Michael is also glad that we decided to co-sleep. He’s naturally a very deep sleeper. More often than not he has to ask me how many times she woke up in the night, simply because he slept through it all. If she really starts screaming then yes, he hears it. But that usually only happens if I’m changing her diaper (which I also do in the bed because I that badly don’t want to have to stand up in the middle of the night!) and girl is HANGRY. But that was a rookie mistake. Now I know that if she needs I diaper change, I need to feed first, change second. More nights than not, he doesn’t hear a thing.
Sometimes she doesn’t fall asleep right after eating. Even so, I still slide her over to her mattress and fall asleep. I don’t know how long it takes her to fall asleep herself, but that’s the point. It doesn’t matter. She’s full, content, and feels secure. It’s enough for her to know that I’m lying next to her as she drifts off.
So here are the facts, and the way that we co-sleep (there are many options out there):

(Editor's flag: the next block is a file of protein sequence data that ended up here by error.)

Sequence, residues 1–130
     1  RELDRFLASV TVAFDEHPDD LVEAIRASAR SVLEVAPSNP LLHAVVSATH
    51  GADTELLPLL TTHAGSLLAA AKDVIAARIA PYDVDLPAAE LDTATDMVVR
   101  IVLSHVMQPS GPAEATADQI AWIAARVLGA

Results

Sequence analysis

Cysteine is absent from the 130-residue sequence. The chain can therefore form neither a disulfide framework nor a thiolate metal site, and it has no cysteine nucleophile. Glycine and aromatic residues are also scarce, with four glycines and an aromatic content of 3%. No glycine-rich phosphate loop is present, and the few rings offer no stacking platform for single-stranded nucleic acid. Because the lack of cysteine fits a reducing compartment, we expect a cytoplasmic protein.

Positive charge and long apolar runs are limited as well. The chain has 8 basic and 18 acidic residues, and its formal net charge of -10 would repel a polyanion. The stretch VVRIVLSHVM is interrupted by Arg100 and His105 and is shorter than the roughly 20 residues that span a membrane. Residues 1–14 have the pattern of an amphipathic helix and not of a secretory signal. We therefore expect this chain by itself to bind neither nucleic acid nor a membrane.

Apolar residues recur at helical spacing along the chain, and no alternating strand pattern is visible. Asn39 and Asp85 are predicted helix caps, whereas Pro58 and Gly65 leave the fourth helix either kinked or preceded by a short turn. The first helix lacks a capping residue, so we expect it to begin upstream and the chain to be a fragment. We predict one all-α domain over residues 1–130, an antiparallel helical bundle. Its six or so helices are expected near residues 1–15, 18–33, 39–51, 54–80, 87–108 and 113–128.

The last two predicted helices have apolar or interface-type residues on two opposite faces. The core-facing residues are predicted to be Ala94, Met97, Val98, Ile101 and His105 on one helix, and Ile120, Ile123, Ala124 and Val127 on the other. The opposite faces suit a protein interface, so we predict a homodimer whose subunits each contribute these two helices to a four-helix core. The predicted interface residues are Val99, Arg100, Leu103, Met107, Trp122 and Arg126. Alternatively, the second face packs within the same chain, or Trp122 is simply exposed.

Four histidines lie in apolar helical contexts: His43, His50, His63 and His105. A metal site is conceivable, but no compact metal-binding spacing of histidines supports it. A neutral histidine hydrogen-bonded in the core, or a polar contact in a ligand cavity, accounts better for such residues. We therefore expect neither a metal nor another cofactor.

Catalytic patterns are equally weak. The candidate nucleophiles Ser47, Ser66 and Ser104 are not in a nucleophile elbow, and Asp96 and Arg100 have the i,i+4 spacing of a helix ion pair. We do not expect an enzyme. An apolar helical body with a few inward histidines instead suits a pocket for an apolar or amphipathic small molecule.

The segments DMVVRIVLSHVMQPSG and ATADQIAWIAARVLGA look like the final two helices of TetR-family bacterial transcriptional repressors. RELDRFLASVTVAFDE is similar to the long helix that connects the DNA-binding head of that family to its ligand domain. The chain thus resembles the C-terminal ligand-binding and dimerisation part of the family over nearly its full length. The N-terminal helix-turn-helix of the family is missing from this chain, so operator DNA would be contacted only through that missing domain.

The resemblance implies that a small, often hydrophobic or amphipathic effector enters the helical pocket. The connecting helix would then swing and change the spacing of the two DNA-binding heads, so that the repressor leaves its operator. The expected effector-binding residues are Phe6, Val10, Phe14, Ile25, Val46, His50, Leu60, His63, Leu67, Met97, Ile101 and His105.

- The largest study to-date conducted on Sudden Infant Death Syndrome (SIDS) found that the risk of death for infants who slept in their parents’ bedroom was half of what it was for infants who slept alone. Studies from Great Britain, New Zealand, and a number of other Western-European countries agree that babies who do not room-share, but rather are left alone in a separate room for long periods of time, are nearly twice as likely to die of SIDS.
- One of the greatest causes of postpartum depression is not getting enough sleep. Adequate rest is soooo important for a new mother’s mood, and helps increase positive feelings rather than resentment toward her newborn.
- All contact while sleeping, including through touch, sound and scent, promote feelings of connection and attachment between parent and child. This type of closeness can also help children feel secure and bonded to their parents when they spend long hours away from them during the day (because of daycare, for example).
- All mammals sleep with their babies. Wouldn’t it be strange to see a box full of whimpering kittens left alone while the mother-cat sleeps in another room? You would probably feel sorry for those little babies. Wouldn’t it also be strange if your partner slept in another room each night? People might wonder if there was something wrong with your connection to one another. So why should a tiny, helpless baby be expected to sleep alone?